Support flows in for abused cabbie
A Queenstown taxi boss says he has been fielding calls from people saying "well done" as they support his driver who was racially abused by a policewoman.
Policewoman Jeanette May McNee, 44, known as Jenny, was found guilty on Tuesday of a charge of using insulting words to Malaysian taxi driver Ganesh Paramanathan in Queenstown on November 3.
Yesterday, Queenstown Taxis managing director Grant Scannell said friends and even strangers had called to say "well done".
"When Ganesh first came to me he was worried about going to the police because in his country things are a lot different.
"He was worried there would be repercussions but I said no, in the New Zealand justice system that would not happen.
"The last couple of days have just been crazy. I have actually had emails from people I don't even know. Ganesh has received quite a few calls from Malaysia, he still has family out there."
Scannell said the firm employed lots of nationalities and, from time to time, there were instances of racial abuse.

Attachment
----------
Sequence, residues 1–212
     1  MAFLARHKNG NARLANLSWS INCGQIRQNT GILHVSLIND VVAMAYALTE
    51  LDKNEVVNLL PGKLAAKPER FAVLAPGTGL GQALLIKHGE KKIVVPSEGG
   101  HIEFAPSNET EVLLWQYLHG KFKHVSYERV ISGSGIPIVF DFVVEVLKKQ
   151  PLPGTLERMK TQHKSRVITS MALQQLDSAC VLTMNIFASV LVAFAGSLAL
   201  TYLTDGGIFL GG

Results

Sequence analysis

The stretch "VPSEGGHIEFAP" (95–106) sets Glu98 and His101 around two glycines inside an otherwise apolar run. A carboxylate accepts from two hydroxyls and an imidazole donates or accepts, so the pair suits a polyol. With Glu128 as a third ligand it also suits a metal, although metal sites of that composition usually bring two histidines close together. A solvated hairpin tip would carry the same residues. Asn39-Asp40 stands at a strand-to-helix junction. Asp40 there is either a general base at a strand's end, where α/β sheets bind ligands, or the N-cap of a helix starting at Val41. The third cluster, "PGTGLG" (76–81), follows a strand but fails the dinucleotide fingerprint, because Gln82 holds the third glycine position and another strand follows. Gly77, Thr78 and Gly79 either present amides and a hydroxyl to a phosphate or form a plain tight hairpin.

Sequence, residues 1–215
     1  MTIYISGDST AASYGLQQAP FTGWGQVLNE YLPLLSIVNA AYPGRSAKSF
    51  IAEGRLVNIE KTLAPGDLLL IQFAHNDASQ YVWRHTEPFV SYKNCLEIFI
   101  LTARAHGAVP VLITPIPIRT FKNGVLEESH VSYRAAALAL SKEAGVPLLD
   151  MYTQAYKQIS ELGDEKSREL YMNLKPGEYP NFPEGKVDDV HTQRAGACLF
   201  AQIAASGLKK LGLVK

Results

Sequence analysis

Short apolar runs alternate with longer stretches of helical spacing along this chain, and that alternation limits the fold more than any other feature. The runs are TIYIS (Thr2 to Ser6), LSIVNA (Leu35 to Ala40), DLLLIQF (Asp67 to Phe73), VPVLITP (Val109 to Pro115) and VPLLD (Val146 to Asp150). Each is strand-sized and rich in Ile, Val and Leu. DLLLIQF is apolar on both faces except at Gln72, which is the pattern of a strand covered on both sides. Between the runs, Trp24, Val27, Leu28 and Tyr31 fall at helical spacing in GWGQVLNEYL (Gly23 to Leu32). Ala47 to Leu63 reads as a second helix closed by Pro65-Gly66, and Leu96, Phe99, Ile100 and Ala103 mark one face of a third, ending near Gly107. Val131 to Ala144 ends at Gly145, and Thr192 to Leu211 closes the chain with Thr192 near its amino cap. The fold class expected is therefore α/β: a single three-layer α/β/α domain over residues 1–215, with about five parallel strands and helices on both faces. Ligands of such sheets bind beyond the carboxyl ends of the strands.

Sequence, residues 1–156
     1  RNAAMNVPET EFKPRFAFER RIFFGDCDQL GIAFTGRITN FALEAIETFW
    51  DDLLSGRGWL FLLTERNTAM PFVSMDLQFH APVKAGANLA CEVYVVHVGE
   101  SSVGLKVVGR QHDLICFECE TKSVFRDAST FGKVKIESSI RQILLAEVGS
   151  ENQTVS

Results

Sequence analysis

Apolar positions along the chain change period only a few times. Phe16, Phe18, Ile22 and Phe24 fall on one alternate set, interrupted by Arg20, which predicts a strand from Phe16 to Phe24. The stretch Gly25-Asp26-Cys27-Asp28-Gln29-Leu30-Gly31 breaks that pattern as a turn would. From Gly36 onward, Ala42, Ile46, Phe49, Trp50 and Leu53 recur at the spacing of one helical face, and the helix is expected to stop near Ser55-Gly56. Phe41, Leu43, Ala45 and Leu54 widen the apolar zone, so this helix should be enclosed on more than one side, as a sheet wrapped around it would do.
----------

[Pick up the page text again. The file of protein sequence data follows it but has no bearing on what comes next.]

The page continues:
The company aimed to educate drivers to deal with racist customers.
"Everybody takes a bit of abuse [as a taxi driver]."
Queenstown Taxis has installed a new security system in all of the firm's 58 vehicles.
The system uses "panic buttons" linked to recording and logging software, and if drivers are threatened they can push a button to record video and audio.
In McNee's case, there was no audio track of the incident captured on a taxi-cam about 3am.
Judge Tony Couch - who did not enter a conviction pending an application for a discharge without conviction - found McNee used the words: "F... off to India, you come here and get all the Kiwi jobs. Eat your f...... curry and f... off to India. This is a Kiwi job."
The trial has been picked up by several major news outlets in India and Malaysia, including the New Indian Express, The Times of India, New Delhi Television and Malaysian websites the Rakyat Post and Free Malaysia Today.
McNee was remanded at large to a nominal date of September 23.
The Southland Times